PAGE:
YouTube removes public dislike counter


YouTube app on a phone. Photo courtesy by Canva

Beginning November 10th, YouTube began gradually removing the dislike button counter from all YouTube videos. The option to dislike is still available to viewers, but the total count is private and only available to only the original video uploader.

YouTube enacted the change in order to combat increasing amounts of negativity on the site. Such negativity includes the unfair use of the dislike button in order to bomb a creator’s statistics. The most prominent examples of this came from previous YouTube Rewinds and prominent video game trailers.

The change had the positive effect of helping creators’ mental health and reducing dislike bombings. In an official statement on the YouTube blog, YouTube said, “experiment data showed a reduction in dislike attacking behavior.” Their main testing audience for their experiment was smaller content creators.

Judging by how companies typically act, it feels as if YouTube is just using “smaller content creators” as a front to protect the most influential and money-making creators on their platform. Like every other company, they choose to prioritize a small group of their users rather than the majority.

YouTube’s change will have an extremely detrimental effect on the site and will have the opposite results of the ones they desired.

YouTube is an extremely accessible site to both viewers and uploaders. As such, it’s extremely easy to spread misinformation on the platform. Prior to YouTube’s change, dislikes were used to inform others clicking into the video to warn them that the video may contain either controversial or outright incorrect information. Now that the dislike total has been removed, comments are the only way for people to express that a video may have incorrect information. However, comments can manually be disabled or deleted by the creator. That combination will lead to a dangerous effect where there’s no way for a viewer to know the information being distributed is misleading unless they have prior knowledge on the topic.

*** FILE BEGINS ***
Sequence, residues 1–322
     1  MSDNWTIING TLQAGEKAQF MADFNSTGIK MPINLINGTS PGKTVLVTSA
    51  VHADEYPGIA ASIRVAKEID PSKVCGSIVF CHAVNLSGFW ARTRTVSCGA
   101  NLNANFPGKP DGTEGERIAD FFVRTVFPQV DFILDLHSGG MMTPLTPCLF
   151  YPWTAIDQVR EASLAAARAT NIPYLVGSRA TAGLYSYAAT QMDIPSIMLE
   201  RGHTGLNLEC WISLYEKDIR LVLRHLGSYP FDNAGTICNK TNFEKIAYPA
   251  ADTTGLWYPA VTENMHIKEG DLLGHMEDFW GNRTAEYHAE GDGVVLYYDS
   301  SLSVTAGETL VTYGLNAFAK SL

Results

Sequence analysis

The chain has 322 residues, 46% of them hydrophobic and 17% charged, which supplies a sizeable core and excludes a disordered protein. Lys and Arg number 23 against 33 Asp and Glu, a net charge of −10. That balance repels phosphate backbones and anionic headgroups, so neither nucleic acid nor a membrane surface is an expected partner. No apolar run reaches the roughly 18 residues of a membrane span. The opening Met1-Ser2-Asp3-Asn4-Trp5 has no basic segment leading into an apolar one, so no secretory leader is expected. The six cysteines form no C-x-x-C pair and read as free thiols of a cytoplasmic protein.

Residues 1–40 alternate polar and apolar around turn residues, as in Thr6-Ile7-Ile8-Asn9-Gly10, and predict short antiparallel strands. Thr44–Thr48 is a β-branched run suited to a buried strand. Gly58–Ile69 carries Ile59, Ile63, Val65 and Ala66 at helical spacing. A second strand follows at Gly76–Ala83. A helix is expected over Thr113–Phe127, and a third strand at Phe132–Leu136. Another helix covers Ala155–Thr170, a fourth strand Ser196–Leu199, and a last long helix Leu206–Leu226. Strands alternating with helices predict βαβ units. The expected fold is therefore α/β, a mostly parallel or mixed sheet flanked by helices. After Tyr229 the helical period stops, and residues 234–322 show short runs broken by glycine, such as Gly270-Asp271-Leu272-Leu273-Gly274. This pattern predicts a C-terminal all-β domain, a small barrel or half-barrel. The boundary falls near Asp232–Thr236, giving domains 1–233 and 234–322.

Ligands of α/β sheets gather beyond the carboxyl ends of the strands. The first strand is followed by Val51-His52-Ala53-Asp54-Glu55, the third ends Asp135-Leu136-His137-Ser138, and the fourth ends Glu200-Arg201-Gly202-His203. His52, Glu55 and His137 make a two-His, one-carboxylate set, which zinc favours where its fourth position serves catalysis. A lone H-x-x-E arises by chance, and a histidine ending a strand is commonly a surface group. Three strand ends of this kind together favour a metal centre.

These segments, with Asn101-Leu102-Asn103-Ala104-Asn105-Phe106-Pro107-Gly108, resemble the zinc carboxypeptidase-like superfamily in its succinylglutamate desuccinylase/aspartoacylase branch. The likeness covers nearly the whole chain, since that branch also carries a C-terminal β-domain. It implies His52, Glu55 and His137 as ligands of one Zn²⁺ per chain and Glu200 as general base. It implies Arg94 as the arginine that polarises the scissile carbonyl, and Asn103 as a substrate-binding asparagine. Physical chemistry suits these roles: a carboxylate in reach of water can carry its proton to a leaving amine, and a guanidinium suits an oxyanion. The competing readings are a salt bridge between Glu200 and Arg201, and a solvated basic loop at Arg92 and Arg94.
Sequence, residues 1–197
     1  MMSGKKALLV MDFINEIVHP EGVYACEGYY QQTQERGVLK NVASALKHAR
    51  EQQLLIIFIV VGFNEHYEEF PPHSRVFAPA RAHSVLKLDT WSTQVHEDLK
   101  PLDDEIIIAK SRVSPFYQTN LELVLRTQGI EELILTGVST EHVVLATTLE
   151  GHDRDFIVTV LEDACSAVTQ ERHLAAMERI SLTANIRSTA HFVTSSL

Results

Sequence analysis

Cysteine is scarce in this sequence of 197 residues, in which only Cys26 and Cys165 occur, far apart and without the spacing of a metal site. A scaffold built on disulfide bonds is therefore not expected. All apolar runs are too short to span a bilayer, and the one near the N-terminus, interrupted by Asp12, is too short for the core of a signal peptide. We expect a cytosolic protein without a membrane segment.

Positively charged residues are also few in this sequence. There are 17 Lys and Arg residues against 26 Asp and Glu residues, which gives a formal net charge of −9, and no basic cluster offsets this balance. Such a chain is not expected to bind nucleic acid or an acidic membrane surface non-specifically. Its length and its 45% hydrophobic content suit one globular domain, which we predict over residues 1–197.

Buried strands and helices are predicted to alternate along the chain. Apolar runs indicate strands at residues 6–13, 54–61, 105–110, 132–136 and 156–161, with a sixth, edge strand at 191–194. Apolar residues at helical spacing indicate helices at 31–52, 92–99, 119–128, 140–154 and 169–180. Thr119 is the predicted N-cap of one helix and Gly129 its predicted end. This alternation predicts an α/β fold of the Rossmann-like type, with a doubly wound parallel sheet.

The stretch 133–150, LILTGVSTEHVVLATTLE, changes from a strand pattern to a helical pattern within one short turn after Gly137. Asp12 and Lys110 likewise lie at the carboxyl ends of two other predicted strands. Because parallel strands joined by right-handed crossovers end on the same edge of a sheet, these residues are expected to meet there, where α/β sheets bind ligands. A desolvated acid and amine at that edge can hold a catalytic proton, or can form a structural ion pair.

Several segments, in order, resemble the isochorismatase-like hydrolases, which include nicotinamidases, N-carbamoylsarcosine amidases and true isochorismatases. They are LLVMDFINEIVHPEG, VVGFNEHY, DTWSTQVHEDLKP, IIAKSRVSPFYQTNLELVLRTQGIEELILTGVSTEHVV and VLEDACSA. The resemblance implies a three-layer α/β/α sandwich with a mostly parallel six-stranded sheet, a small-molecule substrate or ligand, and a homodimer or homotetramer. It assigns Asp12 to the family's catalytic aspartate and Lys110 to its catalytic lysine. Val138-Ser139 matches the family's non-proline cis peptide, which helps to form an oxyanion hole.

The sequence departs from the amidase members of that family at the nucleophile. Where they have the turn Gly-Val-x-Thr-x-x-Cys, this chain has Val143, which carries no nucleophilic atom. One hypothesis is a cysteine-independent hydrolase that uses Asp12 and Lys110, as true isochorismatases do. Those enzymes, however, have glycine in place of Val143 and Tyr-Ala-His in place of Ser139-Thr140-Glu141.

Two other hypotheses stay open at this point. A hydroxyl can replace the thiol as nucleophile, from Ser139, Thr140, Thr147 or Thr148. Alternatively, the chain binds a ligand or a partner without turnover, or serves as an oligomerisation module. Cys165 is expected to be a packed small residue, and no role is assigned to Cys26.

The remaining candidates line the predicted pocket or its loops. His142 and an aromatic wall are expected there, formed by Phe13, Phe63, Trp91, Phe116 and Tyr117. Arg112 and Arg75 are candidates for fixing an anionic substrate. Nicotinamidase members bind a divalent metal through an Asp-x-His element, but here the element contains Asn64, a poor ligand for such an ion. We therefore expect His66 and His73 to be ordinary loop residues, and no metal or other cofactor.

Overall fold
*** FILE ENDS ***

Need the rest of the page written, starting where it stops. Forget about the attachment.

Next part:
Tutorial videos are also popular on the platform. Dislikes were used as a quick and easy way to gauge whether or not the content was both accurate and worthy of the viewer’s time. This will have a negative impact on smaller content creators, as since viewers won’t be able to tell the quality quickly enough, they’ll shy away from those creators and visit the larger, well-established ones. I personally fall into that category, since I look at the like to dislike ratio first before deciding whether or not I should invest my time and continue.

Promotional videos will be skewed in favor of large companies now, too, with no room for public opinion on the site. As companies typically disable comments on their videos, the like to dislike ratio was one of the few ways to see how well the public received the promoted product. Now, at a first glance, it would appear that a product is well received simply by looking at the number of likes received.

Among YouTube’s many recent changes, their removal of the dislike count on videos is by far one of the worst changes they have made. Indicators that were used to judge the quality and accuracy of a video are now removed, making YouTube a less reputable source to find surface-level information on a subject.